The noun 'heresy' was originally used - and is still most naturally used - in the context of religion. The countable noun 'a heresy' is a religious belief or doctrine which conflicts with an established belief or doctrine, i.e., with what is considered to be the correct belief or doctrine. (Obviously, what is regarded as heresy by one denomination may be regarded as orthodoxy by another, and indeed sometimes new denominations arose on the foundation of what the old denomination regarded as heresy.) The word is particularly at home in the history of the Early Christian Church, when a disputed belief or doctrine was examined by an ecumenical council, i.e., a worldwide council of the bishops of the Church, and, if considered false, formally condemned as a heresy: those holding such a belief (i.e., heretics) were expelled from the Church and, once Christianity became the official religion of the Roman Empire, were sometimes liable to criminal prosecution. For more on this see Christian Heresies.
Heresy can also be used as a non-count noun. "That is heresy!" is now a statement of general disapproval and disagreement, rather than actual disbelief; formerly, it was a statement that the disputed idea was so bad that it deserved condemnation: in the time of the Reformation, even to the punishment of being burned alive.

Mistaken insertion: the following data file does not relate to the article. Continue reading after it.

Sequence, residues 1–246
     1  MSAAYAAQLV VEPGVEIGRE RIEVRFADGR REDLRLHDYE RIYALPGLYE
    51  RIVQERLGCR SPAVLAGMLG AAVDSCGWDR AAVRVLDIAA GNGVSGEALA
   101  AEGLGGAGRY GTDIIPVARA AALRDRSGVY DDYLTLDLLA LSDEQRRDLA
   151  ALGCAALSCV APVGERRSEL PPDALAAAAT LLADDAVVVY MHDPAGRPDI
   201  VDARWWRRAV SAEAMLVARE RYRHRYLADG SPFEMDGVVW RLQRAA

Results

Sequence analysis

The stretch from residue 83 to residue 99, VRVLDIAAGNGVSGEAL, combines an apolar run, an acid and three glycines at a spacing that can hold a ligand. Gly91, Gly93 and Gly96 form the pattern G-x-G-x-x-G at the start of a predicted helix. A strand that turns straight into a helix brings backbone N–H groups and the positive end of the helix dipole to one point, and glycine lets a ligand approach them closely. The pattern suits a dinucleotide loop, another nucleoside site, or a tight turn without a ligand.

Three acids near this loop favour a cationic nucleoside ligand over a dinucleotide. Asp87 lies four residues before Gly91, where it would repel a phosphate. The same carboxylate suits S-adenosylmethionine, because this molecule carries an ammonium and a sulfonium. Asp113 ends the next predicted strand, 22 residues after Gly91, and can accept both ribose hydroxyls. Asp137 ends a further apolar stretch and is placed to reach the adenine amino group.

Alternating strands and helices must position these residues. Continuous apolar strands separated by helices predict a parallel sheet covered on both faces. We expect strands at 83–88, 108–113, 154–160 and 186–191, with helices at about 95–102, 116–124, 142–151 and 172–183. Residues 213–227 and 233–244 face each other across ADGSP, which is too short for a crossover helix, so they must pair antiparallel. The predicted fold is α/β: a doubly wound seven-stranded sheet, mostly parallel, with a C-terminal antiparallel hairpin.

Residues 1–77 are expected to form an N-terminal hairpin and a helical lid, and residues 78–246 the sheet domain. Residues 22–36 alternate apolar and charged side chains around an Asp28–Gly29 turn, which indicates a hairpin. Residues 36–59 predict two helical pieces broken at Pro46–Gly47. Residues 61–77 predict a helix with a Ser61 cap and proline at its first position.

However, the word 'heresy' may also be used figuratively outside a religious context in reference to any unorthodox or unconventional belief or opinion. For example, if a Conservative politician were to express the view that the government should levy a high rate of tax on the profits of small businesses, his view would be regarded by his fellow-Conservatives as heresy. Or if a member of a family which had always supported a particular football team were to express the opinion that another team was better, he might be told 'That's heresy in this family'. Outside the religious context the word is sometimes used, as in the last example, in a slightly jocular way.
The word 'heresy' is pronounced with the stress on the first syllable HE-ri-si, IPA: /ˈhɛr ə (or ɪ)s ɪ/. The adjective from 'heresy' is 'heretical' - pronounced with the stress on the second syllable (hi-RE-tikl, IPA: /hɛr ˈer ɛt ɪkəl/ - and a person who holds a heretical belief is a heretic - pronounced with the stress on the first syllable HE-ri-tik, IPA: /ˈhɛr ɪ (or ə)t ɪk/.
- Etymological note: these words come originally from the Greek αἳρεσις‚ (hairesis), the basic meaning of which is: choosing or choice. However, αἳρεσις came to be used to refer to a chosen course of action or thought, or a chosen system of principles, and thence to those who adopt such principles, i.e., a philosophical school, religious group, or sect. Early on, heretic came to be 'one who has made a choice in opposition to the orthodox [or accepted]'.